Just two weeks remain in the 2020 NFL regular season, and while it’s not one hundred percent certain that the NFC West division title will be decided this weekend when the Los Angeles Rams come to Lumen Field, what is certain is that there are significant question marks at running back for the Seattle Seahawks to address in the offseason.
The biggest question to answer is what will be done with Chris Carson. Carson has been the unquestioned starter at the position the past three seasons, but with his rookie contract expiring could see his price tag increase significantly. His production has been fantastic, and the return the Hawks have received on that particular seventh round pick has been well worth it. Specifically, since entering the league in 2017 Carson is in the top ten in rushing yards, in spite of a 2017 campaign that was just four games long due to injury and in spite of a 2020 season that has seen him gain just 568 yards due to the combination of injuries and the Let Russ Cook movement.
That all said, it’s no secret that the market for running backs has been cool in recent seasons, and it’s possible Carson may not find the type of market in free agency that he hopes. Even if Carson is unable to secure a monster contract of the likes that Ezekiel Elliott, Christian McCaffrey or Derrick Henry have in recent seasons, he’s still likely to sign for more than many fans would prefer to pay a running back. That said, while the Seahawks are unlikely to break the bank to retain Carson, don’t be surprised if they borrow a move from the Arizona Cardinals offseason playbook.
Specifically, while the franchise tag tender for a running back is again likely to be in the $10M range ($10.278M for 2020 per OverTheCap.com), the transition tender for the position should fall in a range similar to what it was this season, $8.483M. That is exactly what the Cardinals did with Kenyan Drake this past offseason, and allowed Drake to explore free agency while giving Arizona the right to match any contract offer to Drake.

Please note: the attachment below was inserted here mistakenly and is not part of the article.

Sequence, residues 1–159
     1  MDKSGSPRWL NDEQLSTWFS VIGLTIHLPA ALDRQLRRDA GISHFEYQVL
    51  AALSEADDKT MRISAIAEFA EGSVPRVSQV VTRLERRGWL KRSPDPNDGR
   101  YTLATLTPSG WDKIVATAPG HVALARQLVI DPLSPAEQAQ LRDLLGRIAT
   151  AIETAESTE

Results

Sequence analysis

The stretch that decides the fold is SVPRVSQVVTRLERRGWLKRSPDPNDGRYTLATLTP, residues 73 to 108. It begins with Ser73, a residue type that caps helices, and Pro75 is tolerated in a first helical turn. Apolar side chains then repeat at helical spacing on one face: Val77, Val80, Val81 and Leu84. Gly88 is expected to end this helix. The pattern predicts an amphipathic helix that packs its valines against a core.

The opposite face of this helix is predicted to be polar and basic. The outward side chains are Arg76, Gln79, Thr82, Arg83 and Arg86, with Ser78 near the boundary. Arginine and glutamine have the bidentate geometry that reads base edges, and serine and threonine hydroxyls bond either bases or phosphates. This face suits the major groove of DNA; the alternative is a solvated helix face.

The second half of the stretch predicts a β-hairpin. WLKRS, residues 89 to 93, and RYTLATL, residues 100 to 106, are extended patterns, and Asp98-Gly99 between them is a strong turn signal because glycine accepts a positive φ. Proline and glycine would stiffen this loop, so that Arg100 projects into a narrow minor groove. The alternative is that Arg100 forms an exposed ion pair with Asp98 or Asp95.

It’s no question that many fans will likely be upset at the prospect of giving a one year, fully guaranteed $8.483M contract to a running back who has missed 19 games due to injury over his four years in the NFL, but that is not too far outside of what is expected from running backs. Seahawks fans were spoiled by the durability that Marshawn Lynch displayed during the prime of his career, and the 45 regular games Carson will have played over the past three seasons when he hits free agency actually comes in just above the expectation for the position.
Running back is a brutal position, and in the NFL a Week 1 starter at the position is expected to be available for an average of 13.3 games over the course of the year, or somewhere around 53 or 54 games over the course of a four year contract. For Carson, outside of the catastrophic injury he suffered in Week 4 of the 2017 season, he is likely to hit free agency having played in 14, 15 and 12 games in 2018, 2019 and 2020 respectively. That’s not the invincibility that some fans would like to see, but the reality is that that’s in line with expectations for the position in today’s NFL. In fact, the 42 games Carson has started since being drafted by Seattle is the eighth most games started by any running back in the NFL during that timeframe, and that includes the 2017 season when he missed three quarters of the year due to a torn ligament and broken leg suffered against the Indianapolis Colts in Week 4.
So, while many Seahawks fans may not like the idea of allocation somewhere in the neighborhood of $8.483M on a running back, for Seattle choosing to use the transition tender on Carson would come with additional benefits. The biggest benefit for the Hawks would be that they would retain a right of first refusal on any off Carson receives from another team, while also giving them the ability negotiate a longer contract from a starting point that is not quite as high as if they used the franchise tag. For Carson, the transition tag would represent more than double what he has earned in terms of salary in his entire career, which is just under $3.8M.
That amount is obviously far below the mega contract amounts for which running backs like Alvin Kamara, CMC, Elliott, David Johnson and others have signed. However, building off the transition tag, it seems possible, potentially even likely, that Carson and the team could reach agreement on a multi-year contract that would not represent as much money those noted mega contracts, but which would be far more than Carson has made so far. Exactly what the structure of any such contract would look like for Carson is difficult to speculate until the details of where the 2021 salary cap are known, or at least more clear than they are now. However, based on how much Pete Carroll and John Schneider seem to like Carson, it’s not hard to imagine that he could be with the Seahawks for several years to come, and the transition tag is a tool that the team could use to aid in the retention of his services going forward.